Hammertoe can make walking difficult and painful. This condition occurs when the middle joint of one of your toes becomes permanently or semi-permanently bent at an awkward angle. Your toe may look like it is flexed at all times. 

Hammertoe can be caused by a variety of factors, including trauma to the toe, ill-fitting footwear, or a lack of balance in the tendons.

Your physician will likely attempt to treat your hammertoe first by recommending various lifestyle changes. However, if those changes do not relieve the symptoms, surgery may be necessary to restore your mobility and decrease your pain.

Who Should Get Hammertoe Surgery?

Before you undergo hammertoe surgery, your physician will likely attempt to correct your condition by using non-invasive therapies. Your doctor will recommend that you rest the toe and change your footwear to avoid anything that might be too tight. You may also be given special exercises for your toe that may strengthen the muscles and tendons.

If changing your lifestyle and incorporating home therapies do not meaningfully help your toe, you may be a good candidate to undergo hammertoe surgery. In general, candidates for hammertoe surgery:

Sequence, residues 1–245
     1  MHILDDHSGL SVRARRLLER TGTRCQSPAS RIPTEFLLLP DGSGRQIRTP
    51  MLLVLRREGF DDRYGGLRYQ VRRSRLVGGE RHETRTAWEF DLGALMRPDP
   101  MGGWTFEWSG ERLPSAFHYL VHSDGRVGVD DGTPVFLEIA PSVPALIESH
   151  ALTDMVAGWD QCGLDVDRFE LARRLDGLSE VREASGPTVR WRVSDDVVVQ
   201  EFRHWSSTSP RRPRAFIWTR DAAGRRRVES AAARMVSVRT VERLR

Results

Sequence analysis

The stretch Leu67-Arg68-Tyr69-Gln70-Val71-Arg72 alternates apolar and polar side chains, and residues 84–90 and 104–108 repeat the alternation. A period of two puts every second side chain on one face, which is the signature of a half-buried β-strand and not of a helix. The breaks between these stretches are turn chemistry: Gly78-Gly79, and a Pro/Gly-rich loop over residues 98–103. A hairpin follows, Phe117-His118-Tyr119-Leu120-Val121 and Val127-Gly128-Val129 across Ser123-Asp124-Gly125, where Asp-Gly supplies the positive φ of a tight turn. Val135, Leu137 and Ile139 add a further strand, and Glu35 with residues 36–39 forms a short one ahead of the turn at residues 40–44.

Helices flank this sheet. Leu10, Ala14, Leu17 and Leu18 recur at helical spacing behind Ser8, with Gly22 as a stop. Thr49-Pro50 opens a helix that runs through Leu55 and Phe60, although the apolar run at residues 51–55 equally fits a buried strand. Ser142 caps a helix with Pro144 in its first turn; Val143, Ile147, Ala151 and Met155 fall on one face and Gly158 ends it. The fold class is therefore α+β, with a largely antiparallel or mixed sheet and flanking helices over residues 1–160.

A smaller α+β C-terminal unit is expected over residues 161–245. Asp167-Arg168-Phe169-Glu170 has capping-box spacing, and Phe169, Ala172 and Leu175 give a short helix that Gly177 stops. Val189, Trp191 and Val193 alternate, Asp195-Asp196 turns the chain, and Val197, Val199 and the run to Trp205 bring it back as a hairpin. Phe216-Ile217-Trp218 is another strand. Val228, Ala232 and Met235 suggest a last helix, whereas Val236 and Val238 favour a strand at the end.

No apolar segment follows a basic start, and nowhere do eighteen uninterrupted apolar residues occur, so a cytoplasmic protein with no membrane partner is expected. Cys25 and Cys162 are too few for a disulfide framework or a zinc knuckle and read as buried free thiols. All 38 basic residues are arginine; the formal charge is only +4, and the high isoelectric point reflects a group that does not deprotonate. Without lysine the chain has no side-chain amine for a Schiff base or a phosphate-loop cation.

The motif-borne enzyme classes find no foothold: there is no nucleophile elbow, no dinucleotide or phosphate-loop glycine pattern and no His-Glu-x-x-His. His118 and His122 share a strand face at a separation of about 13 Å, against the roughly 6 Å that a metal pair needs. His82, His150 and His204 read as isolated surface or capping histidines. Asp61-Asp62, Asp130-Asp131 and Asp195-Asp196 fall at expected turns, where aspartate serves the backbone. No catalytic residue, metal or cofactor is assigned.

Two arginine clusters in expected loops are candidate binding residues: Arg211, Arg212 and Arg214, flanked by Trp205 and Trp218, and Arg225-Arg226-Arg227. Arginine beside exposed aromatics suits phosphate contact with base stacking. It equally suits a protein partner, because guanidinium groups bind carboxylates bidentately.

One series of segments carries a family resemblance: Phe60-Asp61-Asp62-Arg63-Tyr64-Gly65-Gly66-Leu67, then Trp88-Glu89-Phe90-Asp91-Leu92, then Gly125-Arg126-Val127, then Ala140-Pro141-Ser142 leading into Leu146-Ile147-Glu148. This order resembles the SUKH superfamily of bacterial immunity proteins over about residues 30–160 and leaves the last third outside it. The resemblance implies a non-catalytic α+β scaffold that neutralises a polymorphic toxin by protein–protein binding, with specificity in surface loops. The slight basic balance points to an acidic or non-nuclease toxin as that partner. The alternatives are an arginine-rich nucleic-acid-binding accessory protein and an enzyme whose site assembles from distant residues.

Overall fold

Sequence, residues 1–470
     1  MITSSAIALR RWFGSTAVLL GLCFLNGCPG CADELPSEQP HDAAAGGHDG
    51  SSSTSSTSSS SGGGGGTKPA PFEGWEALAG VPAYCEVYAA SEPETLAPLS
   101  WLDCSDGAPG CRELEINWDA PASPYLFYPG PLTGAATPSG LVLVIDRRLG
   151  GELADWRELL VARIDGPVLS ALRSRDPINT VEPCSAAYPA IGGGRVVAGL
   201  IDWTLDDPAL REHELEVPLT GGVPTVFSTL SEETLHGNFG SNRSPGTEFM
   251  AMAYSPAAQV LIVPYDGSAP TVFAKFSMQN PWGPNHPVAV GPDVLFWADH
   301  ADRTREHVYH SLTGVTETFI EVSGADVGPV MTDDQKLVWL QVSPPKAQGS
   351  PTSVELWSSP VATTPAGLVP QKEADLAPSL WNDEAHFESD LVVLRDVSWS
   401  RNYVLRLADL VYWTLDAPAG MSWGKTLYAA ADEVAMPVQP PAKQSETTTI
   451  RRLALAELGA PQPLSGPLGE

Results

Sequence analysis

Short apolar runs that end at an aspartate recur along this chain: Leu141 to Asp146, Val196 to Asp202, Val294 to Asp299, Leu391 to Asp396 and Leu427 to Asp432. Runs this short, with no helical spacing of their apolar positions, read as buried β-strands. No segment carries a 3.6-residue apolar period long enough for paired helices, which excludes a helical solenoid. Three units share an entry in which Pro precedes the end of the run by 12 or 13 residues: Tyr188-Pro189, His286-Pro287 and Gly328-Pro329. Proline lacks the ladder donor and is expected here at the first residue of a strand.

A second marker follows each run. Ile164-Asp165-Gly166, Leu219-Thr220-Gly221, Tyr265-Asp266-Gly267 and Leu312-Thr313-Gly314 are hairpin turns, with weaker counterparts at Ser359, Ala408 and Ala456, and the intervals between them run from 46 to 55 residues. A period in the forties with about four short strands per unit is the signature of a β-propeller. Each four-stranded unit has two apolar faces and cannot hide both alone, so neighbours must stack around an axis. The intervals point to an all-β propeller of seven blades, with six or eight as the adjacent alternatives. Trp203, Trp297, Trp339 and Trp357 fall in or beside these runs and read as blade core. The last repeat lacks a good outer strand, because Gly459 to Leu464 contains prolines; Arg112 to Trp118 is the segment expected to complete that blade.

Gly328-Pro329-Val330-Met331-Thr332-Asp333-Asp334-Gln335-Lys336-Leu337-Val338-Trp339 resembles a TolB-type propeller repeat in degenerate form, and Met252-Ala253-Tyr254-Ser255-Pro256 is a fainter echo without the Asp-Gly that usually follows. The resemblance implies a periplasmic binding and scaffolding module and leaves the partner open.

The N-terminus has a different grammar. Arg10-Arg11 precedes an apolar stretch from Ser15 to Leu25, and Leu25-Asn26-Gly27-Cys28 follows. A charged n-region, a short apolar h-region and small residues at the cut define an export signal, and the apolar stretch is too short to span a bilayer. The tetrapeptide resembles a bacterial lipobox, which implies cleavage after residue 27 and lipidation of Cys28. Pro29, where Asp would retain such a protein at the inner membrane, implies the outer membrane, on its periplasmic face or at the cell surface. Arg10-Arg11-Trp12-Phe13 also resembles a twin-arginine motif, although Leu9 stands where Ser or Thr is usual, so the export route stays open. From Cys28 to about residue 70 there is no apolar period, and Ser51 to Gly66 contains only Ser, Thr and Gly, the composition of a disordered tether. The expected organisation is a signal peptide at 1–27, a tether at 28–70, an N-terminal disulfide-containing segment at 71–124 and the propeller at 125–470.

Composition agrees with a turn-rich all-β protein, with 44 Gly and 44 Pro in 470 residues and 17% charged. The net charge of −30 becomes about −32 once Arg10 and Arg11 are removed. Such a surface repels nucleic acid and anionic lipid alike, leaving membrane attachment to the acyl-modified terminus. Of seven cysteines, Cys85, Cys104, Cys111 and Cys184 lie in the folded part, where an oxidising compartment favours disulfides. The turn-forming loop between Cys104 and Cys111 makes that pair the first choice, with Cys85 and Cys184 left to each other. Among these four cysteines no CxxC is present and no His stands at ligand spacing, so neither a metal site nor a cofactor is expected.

• Are in good enough general health to undergo surgery.
  • Have good circulation throughout their feet.
  • Have no active infections in the foot.

Talk to your physician about whether you’re a good candidate for hammertoe surgery at Iowa City Ambulatory Surgical Center.

What Happens During Hammertoe Surgery?

Hammertoe surgery is most often performed on an outpatient basis, meaning patients will be able to return home the same day as their surgical appointment. For most people, no overnight stays at a hospital will be necessary. 

During a hammertoe surgery, your surgeon will focus on three possible means of treating your condition:

  • Tendon transfer: Because hammertoe is sometimes caused by an imbalance in tendon tension, this approach focuses on repositioning your tendons to a different part of the toe. When this occurs, the toe is able to sit more flatly.
  • Fusion: In more serious cases, your physician may decide that the tendons and ligaments of the toe need to be cut. In some cases, the bones of the toe are also fused together, in order to give them a little extra strength and structure. Pins and screws are used to hold the fused bones in place.
  • Joint resection: In this variation of the procedure, a small section of your toe bone will be removed. Your tendons and ligaments will also be cut (relieving the tension on your toe). Screws will be used to hold the bones in place after surgery.

Which approach your surgeon takes will depend on your specific symptoms and the underlying cause of your hammertoe. In cases where the toe retains some flexibility, tendon transfer may be the preferred option. But if the toe is completely inflexible, your surgeon may recommend joining resection or fusion.